Vaccine eligibility expands, milestone hit
More than 75 per cent of eligible Albertans are now fully immunized against COVID-19 while thousands more Albertans are now eligible for a third COVID-19 vaccine dose.
Starting Oct. 6, Albertans age 75 and older and First Nations, Inuit and Métis people age 65 and older can begin booking for a third dose at least six months after their second dose.
Acting on the recommendations of the Alberta Advisory Committee on Immunization, Alberta is one of the first provinces in Canada to offer third doses of vaccine to these age groups. Older Albertans, along with those who are immunocompromised or in seniors supportive living, are receiving third doses because of their increased risk of hospitalization, death or other severe outcomes from COVID-19.
Health officials will continue to monitor all emerging evidence on vaccine effectiveness across Canada and around the world.
“We are pleased to offer additional protection for those Albertans who are most at risk of serious illness from COVID-19. Getting fully vaccinated is not only important to help protect yourself and others, but is also vital to protecting our health-care system.”
“We know that COVID-19 can be especially dangerous for our older populations and continue to do everything we can to keep them safe. Over three-quarters of eligible Albertans are now fully immunized. I encourage everyone to think of their family, friends and neighbours and get fully vaccinated as soon as possible.”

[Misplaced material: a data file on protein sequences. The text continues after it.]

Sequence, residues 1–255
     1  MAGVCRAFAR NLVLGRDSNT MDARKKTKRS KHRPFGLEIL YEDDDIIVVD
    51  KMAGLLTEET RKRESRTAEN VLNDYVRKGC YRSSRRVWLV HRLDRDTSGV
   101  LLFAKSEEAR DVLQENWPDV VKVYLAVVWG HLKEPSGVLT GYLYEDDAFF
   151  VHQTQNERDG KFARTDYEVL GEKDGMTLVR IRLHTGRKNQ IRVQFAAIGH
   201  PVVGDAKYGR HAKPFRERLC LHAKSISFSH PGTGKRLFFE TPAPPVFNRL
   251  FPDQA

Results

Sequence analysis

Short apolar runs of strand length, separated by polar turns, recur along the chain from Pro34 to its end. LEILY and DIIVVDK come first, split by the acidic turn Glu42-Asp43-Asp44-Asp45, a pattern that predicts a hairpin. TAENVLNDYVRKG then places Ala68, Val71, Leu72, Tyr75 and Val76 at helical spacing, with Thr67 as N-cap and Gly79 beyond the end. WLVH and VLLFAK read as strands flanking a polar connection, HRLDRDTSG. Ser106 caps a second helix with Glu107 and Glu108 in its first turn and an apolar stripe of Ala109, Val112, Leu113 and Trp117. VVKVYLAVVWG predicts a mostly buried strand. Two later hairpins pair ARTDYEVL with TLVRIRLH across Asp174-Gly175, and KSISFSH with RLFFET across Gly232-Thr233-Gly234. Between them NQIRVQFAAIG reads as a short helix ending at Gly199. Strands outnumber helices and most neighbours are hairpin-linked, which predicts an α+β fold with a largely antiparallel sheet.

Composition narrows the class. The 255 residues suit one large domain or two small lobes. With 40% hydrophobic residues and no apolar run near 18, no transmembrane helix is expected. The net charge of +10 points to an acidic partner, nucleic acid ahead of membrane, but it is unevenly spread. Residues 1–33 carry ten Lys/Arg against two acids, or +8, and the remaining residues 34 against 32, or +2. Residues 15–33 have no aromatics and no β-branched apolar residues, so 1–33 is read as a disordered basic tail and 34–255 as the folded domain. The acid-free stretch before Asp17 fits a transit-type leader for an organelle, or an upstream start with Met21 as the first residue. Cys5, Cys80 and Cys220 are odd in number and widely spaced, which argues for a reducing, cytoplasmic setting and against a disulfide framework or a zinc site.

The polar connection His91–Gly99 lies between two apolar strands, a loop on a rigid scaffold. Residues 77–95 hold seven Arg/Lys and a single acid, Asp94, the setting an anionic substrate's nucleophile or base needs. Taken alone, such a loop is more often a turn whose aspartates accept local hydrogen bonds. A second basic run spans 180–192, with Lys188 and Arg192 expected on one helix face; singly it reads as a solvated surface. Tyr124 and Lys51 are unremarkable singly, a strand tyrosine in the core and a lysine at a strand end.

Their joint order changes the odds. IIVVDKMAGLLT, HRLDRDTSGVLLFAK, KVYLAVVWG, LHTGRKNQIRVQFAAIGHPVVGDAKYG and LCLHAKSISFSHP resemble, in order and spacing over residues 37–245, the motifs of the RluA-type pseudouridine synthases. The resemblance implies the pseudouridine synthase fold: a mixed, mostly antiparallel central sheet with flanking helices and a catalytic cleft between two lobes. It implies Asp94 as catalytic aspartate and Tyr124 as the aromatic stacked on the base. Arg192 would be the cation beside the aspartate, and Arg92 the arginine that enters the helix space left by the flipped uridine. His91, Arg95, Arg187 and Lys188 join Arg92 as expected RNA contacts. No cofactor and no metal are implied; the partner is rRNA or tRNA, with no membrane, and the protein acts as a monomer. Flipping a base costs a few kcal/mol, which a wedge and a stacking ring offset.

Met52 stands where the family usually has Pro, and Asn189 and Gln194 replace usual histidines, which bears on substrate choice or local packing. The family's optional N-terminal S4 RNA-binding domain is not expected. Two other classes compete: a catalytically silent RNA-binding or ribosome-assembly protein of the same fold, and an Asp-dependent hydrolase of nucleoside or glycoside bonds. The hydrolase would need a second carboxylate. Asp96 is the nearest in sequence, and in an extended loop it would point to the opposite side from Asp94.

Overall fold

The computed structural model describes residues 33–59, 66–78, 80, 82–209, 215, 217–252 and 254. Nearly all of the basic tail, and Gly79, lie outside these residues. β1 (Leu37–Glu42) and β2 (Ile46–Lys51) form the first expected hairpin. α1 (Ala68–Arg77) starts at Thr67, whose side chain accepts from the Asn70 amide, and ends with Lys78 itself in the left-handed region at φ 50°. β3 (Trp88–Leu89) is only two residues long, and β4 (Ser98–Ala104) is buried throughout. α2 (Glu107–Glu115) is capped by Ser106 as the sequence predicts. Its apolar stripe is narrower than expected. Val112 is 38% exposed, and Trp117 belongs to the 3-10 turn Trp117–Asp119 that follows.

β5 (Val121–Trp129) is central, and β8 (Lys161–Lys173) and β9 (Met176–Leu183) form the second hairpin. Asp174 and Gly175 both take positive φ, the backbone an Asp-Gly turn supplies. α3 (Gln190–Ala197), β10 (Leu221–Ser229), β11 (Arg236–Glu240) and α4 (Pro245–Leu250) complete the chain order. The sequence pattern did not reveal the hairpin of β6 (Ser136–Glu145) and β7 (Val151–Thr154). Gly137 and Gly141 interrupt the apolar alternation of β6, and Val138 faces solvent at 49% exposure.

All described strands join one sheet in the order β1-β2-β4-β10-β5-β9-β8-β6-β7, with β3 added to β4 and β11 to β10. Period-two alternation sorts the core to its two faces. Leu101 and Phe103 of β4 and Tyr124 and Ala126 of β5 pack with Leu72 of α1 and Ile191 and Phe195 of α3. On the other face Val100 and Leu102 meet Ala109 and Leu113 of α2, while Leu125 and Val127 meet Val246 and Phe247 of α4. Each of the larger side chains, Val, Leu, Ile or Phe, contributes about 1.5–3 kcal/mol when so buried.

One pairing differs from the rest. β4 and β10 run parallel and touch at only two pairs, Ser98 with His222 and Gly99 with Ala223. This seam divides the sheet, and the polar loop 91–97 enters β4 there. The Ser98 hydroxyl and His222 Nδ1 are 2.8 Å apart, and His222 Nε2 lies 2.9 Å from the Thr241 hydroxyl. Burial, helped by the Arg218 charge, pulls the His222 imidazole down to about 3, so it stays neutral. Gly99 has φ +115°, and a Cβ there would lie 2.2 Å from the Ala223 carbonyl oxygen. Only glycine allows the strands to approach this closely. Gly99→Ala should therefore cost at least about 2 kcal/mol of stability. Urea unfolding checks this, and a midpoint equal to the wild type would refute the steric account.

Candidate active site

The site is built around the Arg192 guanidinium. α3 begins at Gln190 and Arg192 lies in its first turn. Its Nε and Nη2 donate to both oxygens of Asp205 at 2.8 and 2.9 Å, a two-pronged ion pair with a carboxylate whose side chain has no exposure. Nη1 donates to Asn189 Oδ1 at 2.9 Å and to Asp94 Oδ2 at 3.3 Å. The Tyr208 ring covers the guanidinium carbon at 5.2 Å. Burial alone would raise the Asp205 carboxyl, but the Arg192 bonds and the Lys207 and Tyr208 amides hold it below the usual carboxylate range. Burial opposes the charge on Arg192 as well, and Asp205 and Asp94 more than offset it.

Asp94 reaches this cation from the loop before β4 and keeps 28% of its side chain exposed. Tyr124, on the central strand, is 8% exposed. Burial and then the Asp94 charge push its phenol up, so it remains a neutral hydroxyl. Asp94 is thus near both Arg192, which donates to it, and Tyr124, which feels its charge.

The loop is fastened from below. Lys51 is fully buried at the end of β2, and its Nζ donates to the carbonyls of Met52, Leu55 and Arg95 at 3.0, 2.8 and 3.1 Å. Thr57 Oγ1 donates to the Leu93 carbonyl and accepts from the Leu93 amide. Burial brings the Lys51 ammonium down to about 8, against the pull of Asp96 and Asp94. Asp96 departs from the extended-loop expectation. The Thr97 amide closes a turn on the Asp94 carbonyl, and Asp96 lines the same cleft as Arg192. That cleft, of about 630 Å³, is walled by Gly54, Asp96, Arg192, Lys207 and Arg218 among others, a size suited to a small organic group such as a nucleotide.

“The data shows that seniors may experience waning immunity approximately six months after their second dose. A third dose will be beneficial for our elderly population to ensure they have the best protection from COVID-19 as we move through this fourth wave. At this time, the evidence does not support a need for additional doses for the general population, but we continue to monitor the data and will adapt as new evidence emerges.”
Double dose milestone hit
Currently, 75.1 per cent of eligible Albertans are fully vaccinated against COVID-19 after receiving two vaccine doses.
In addition, 84.5 per cent of eligible Albertans have received at least one dose. More than 500,000 first, second and third doses have been administered since Sept. 3.
All eligible Albertans are strongly encouraged to get fully vaccinated soon as possible to protect themselves, their families and their communities.
Albertans eligible for third doses
In addition to Albertans aged 75 and older, and First Nations, Métis and Inuit people aged 65 and older, third doses are available for seniors living in congregate care. These individuals are at the highest risk of severe outcomes and potential spread within congregate living sites, and will receive their doses on-site.
A number of immunocompromising conditions also qualify for an additional dose at least eight weeks after a second dose. For a full list, visit alberta.ca/vaccine.
Additional mRNA doses are also available to Albertans who are travelling to a jurisdiction that does not accept visitors who have been vaccinated with Covishield/AstraZeneca or mixed doses.
Anyone in the general population who receives a complete two-dose COVID-19 vaccine series can be confident that they have strong protection against severe illness and hospitalization due to COVID-19.
Booking a third-dose appointment